‘Tis the season of coughing, sneezing and sniffling. Karachi may not freeze in winters but it doesn’t mean that people here aren’t diagnosed with season-related diseases. Every other person you know may have a version of some viral infection. But what exactly is that?
Simply put, it is an infection caused by a virus.
This can range from mild to severe; with mild ones being the common cold and severe ones including influenza (the flu), dengue, hepatitis, and HIV.
“The term is usually used for infections in which there is no clear site of infection [that is, it does not look like a urine or chest infection) with mild symptoms,” said Dr Rehana Siddiqui, associate professor and head of epidemiology and biostatistics at the Aga Khan University.
Most often, it refers to mild respiratory infections, such as a runny nose with a mild cough or sore throat, but sometimes it is also used for fever with no other symptoms, she added. These infections are self-limiting and do not require a course of antibiotics.
Then what do you need antibiotics for?
Antibiotics are supposed to be used for bacterial infections, only. But how can you tell whether your infection is caused by a virus or bacteria?
Dr Siddiqui and Dr Faisal Mahmood, an infectious disease expert from AKU, explained the differences to SAMAA Digital.
A mild viral illness will have symptoms such as a runny nose, cough, low-grade fever, sore throat, and difficulty in sleeping. It can last for 10 to 14 days in children. No antibiotics or anti-viral medicines will speed up recovery from the common cold.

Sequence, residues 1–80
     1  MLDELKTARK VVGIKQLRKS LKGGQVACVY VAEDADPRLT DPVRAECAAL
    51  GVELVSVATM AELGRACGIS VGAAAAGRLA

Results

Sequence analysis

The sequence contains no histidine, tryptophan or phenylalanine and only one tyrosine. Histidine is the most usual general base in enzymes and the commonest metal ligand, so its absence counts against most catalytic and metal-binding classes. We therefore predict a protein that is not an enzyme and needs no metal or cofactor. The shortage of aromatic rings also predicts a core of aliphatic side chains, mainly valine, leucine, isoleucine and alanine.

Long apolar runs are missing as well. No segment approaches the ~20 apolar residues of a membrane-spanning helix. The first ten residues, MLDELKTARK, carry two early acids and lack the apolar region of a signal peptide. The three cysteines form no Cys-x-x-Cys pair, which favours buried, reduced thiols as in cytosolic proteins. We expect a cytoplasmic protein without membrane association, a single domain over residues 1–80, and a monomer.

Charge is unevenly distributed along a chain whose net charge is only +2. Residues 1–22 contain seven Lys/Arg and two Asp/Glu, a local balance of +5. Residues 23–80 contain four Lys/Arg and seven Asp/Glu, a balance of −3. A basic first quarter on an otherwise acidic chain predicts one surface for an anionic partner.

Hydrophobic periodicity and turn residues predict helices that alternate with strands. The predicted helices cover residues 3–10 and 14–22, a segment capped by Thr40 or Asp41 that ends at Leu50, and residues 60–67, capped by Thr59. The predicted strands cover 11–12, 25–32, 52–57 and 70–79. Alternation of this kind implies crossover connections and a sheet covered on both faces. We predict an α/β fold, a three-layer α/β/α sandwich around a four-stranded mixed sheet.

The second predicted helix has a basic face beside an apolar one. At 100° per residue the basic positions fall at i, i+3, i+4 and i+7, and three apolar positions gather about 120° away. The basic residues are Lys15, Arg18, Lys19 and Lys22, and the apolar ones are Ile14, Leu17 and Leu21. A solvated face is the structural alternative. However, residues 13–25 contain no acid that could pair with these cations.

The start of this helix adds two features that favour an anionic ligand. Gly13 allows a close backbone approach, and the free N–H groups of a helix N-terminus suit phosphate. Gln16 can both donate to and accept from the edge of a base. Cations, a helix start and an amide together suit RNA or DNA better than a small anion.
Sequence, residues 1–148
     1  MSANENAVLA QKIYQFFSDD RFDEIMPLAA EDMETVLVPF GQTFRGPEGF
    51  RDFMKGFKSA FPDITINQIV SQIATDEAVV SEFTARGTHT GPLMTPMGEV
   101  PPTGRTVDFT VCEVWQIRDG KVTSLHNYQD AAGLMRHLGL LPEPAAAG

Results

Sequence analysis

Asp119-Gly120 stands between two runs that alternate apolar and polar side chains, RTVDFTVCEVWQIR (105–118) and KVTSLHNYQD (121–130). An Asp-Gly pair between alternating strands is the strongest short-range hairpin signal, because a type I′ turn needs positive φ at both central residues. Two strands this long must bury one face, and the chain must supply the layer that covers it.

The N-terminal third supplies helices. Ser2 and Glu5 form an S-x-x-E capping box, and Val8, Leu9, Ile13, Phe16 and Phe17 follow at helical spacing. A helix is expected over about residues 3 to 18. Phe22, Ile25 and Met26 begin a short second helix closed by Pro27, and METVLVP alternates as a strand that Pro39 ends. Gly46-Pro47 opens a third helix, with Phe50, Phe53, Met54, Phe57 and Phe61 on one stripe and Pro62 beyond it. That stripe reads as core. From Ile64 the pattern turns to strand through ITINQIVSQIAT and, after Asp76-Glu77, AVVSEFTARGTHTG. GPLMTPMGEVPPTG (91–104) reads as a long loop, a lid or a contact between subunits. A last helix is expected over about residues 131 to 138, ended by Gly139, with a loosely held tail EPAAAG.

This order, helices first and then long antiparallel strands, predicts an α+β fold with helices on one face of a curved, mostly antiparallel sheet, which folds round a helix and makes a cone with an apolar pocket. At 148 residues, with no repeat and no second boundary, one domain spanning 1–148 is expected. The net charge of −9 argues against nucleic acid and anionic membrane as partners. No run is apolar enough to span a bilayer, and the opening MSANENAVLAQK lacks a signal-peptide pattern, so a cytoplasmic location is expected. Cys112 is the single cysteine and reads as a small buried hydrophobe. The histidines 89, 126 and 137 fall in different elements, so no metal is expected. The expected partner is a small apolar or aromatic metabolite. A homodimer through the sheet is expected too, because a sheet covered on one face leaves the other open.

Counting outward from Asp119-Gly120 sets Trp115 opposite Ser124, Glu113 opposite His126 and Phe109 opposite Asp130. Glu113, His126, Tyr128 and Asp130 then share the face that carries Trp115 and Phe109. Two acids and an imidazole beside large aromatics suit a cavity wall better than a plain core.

Influenza is also a viral infection with similar symptoms but it will also cause severe body aches, high fever, and lethargy. The experts say antiviral medicines can help.
Bacterial infections, meanwhile usually cause ear, nose and throat infections and pneumonia. They can be because of secondary infection. Symptoms will include high grade fever that worsens instead of improving and will last for more than 10 to 14 days. These infections require antibiotics for treatment. However, it is important to go to a doctor instead of self-diagnosing and self-medicating.
The antibiotics need to be prescribed and taken for the whole duration of the dose. Do not stop taking them before the course ends, otherwise, the bacteria will develop resistance to them and become more difficult to treat.
It is true that you can sleep off a viral infection. Dr Siddiqui and Dr Mahmood advised lots of rest, fluids such as water, juices and soups and over-the-counter medicines like acetaminophen or ibuprofen for fever and pain.
Good hygiene practices are absolutely necessary. Washing hands, wearing masks, avoiding pollutants and using a cleanroom humidifier will also help.
When should you go to a doctor?
If the fever lasts for more than a week and is higher than 101.5°F then it’s time for a medical intervention. Similarly, if there is difficulty in breathing, chest congestion, rashes of any sort and recurring fever, a doctor needs to be consulted.
This holds true especially for groups that have low immunity such as the elderly, diabetics, pregnant women, malnourished children and those with HIV, Dr Siddiqui added.